However, Nebraska landowners and environmental and indigenous activists have raised serious concerns about the project.

They say the risk of an oil spill is too great and would threaten local water supplies.

Critics of Keystone XL say a recent oil spill in South Dakota shows how risky pipelines can be [Reuters]
Critics of Keystone XL say a recent oil spill in South Dakota shows how risky pipelines can be [Reuters]

“It’s definitely a risk,” said Art Tanderup, a farmer and landowner in Neligh, Nebraska, whose land is along the proposed Keystone XL route.

Tanderup told Al Jazeera an oil spill would threaten the Ogallala aquifer, a vast underground water source that spans over 362,000sq km in the Great Plains region.

The aquifer feeds agriculture and other water needs in more than half a dozen US states, including Nebraska.

Monday’s decision also comes only a few days after a leak in Keystone XL’s sister pipeline, Keystone, spilled nearly 795,000 litres of oil in the nearby state of South Dakota.

“Why should TransCanada be allowed to build a new pipeline when one of their existing pipelines had a massive spill just last week?” said Greenpeace Tar Sands Campaigner Rachel Rye Butler in a statement after the Nebraska vote.

“It’s not a question of if there will be an oil spill from Keystone XL but when.”

About 140 opponents of the project protested in the Nebraskan capital, Lincoln, on Sunday.

Art Tanderup says the pipeline poses a risk to Nebraska water supplies [Courtesy Art Tanderup]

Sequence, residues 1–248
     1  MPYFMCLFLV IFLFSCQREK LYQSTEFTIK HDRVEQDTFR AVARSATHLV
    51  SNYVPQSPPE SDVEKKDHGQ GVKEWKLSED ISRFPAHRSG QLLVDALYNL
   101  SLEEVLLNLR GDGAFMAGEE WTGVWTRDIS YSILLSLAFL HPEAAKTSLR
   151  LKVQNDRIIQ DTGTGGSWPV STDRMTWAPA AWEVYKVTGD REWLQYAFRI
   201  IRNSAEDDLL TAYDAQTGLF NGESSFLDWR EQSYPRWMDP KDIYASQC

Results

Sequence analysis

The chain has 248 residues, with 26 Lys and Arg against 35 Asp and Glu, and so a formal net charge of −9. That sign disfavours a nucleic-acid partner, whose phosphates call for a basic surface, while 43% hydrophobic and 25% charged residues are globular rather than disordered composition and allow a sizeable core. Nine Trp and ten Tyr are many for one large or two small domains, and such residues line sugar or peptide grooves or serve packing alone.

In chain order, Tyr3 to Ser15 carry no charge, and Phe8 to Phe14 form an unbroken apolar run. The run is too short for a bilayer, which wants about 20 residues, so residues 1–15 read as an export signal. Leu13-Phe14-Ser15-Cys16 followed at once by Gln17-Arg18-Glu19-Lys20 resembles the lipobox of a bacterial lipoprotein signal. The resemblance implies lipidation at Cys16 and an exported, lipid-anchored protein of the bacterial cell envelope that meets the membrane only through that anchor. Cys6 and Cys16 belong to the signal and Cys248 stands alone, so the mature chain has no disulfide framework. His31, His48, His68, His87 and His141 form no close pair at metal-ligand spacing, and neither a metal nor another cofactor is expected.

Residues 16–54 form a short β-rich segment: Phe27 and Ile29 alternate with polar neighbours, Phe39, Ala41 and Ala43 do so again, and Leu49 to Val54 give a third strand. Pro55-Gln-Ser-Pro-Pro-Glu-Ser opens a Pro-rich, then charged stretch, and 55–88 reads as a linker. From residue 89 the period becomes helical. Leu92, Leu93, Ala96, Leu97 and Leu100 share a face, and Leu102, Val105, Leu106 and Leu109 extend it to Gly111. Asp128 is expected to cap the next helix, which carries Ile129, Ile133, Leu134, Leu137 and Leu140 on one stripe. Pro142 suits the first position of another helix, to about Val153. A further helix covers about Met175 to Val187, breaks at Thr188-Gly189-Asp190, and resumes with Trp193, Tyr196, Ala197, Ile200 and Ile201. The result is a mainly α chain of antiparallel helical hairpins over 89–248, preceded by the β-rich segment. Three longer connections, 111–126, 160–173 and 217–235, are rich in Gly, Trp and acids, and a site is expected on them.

Art Tanderup says the pipeline poses a risk to Nebraska water supplies [Courtesy Art Tanderup]

Amid slumping oil prices and difficulties getting its oil to foreign markets, TransCanada has said it will decide this month or in early December whether to build the pipeline, CBC News reported.

Tanderup said “there was no evidence that this is good for the state of Nebraska, absolutely no evidence at all”.

Next steps

That was echoed by Commissioner Crystal Rhoades, who voted against the project on Monday.

She said TransCanada had not proven the construction of the pipeline would create “any positive economic impact for Nebraska”.

She also said the company failed to consult indigenous communities that may be affected by the pipeline.

The Treaty Alliance, which represents indigenous communities along the Keystone XL pipeline route in both Canada and the US, said the Nebraska commission’s decision “does not change a thing”.

“People power will still stop this pipeline,” the group said in a statement.

Indigenous tribes “up and down the Keystone XL pipeline route will be standing strong along with all our other allies to beat back this threat to our water, our people and our future,” added Chairman Larry Wright Jr. of the Ponca Tribe in Nebraska.

Speaking to Al Jazeera before the vote, Tanderup said that even if the Nebraska commission granted the permit, Keystone XL opponents would continue to fight to stop the project from being built.

“We’re going to continue to stand up to protect the water, to protect the land, to protect our indigenous relatives,” he said.

“If it comes to it, we’ll be standing there when the bulldozers come.”

Source: Al Jazeera